The claimed “close connection to a grassroots base” may be judged by the disbursements for “chapter expenses” on the tax return, $23,783, an average of $400 for each of the claimed 60 chapters, confirming the impression of an autocratic leadership clique backed by a small minority of members. JVP has since announced $2 million raised, presumably to be added to $700,000 assets, in part, as Palestinians beg on-line to fund their educations and other luxuries. The tax return does not disclose funding sources, which are categorized as “fund-raising events,” and “other contributions, gifts, grants, and similar amounts.”
The JVP membership was not consulted by the leadership over the campaign against Weir, and criticism erupted when the attack became public in the spring of 2015. The online JVP member forum, which in early July replaced an email list, was full of discussion, much it opposed. In mid-July Stanford professor Joel Beinin, historian of the modern Middle East and founding member of JVP, contributed his own attack on Weir. At the end of August, after two months of mutiny, the forum was taken off-line for a month, with stern warnings about “civility,” a familiar censor’s ploy, and at least one person was ejected. When the forum opened again in October, there was no further discussion of Alison Weir.
(This writer had access to the forum as a dues-paying JVP member. The forum guidelines state that material should not be used without permission, but also state that material should be considered public. JVP’s attack on Alison Weir is a public matter.)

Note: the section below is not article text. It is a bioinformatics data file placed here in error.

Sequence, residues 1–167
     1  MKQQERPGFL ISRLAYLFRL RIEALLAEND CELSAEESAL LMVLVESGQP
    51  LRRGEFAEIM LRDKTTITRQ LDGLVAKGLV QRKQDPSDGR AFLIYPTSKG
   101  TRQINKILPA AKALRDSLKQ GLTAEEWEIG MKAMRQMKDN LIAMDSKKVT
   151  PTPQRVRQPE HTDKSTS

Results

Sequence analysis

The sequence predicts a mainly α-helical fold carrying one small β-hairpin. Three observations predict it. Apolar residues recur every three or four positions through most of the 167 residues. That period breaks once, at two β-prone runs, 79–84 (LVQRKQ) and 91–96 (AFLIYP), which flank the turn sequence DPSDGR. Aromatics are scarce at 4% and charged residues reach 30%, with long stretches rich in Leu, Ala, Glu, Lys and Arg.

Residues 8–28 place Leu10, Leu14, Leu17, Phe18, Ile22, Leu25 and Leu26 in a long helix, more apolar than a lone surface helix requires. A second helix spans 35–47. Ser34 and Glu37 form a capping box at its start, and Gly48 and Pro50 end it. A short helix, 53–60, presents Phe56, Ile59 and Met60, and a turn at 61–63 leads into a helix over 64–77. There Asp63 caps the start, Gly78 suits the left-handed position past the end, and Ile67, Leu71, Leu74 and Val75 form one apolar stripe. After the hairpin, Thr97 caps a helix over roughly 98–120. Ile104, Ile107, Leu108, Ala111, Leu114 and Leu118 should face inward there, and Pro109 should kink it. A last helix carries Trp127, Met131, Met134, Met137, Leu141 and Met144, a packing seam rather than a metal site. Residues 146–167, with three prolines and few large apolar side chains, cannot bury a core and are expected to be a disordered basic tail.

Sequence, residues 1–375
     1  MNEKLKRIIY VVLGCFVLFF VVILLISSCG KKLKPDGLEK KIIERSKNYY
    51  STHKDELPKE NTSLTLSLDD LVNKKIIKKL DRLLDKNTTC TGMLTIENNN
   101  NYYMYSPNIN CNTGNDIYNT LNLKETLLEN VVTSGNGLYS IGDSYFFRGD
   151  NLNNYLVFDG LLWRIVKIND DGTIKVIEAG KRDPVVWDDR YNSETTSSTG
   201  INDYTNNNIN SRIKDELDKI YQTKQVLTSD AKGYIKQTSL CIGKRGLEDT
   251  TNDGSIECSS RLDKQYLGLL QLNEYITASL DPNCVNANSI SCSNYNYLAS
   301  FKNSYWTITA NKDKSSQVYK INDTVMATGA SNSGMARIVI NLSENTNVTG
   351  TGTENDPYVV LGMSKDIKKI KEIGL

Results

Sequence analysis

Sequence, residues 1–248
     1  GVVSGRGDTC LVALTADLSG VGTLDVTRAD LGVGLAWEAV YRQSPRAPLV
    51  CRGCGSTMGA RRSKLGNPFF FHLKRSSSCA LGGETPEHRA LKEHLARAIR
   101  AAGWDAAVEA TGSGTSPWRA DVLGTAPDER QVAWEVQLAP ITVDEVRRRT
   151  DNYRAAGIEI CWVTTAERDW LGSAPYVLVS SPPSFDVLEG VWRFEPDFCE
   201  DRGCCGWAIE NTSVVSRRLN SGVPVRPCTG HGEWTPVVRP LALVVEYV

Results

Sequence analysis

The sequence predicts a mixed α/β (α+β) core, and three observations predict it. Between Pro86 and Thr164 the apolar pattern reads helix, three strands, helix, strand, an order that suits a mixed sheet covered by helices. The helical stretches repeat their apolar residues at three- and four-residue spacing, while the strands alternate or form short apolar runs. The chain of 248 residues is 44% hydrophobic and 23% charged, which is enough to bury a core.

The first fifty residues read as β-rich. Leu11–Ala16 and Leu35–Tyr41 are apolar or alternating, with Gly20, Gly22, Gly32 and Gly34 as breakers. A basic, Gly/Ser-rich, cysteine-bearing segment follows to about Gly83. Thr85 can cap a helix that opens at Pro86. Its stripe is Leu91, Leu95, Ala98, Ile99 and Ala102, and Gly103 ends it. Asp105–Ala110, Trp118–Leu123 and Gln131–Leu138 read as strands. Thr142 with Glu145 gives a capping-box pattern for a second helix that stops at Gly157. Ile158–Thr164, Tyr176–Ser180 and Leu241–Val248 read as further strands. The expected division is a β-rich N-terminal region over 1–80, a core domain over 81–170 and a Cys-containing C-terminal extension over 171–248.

Beinin recounted his personal “disassociation” from Weir over her “objective anti-Semitism”
In light of the ongoing debate about JVPs decision to disassociate from Alison Weir, I’d like to offer the following:
My own experience with AW goes back about a decade, when I was on a panel with her sponsored by the San Jose Peace and Justice Center. She spoke about her then recent study of the New York Times reporting on Israel/Palestine. (http://www.ifamericansknew.org/media/nyt- report.html) The study itself is based on good research and documents what many of us have long known about the NYT’s coverage of the conflict and the frequent conflation of its news perspective and editorial views.
The problem begins when she explains why this is the case. The text of the study only hints at her explanation: that the NYT’s reporting is “inconsistent with normal journalistic standards.” Did the NYT report accurately on the Vietnam War, the revolutionary movements in El Salvador and Nicaragua, the Iranian revolution, the 2003 Iraq War (before or after)? Did the Washington Post or the Wall Street Journal? We know that they did not.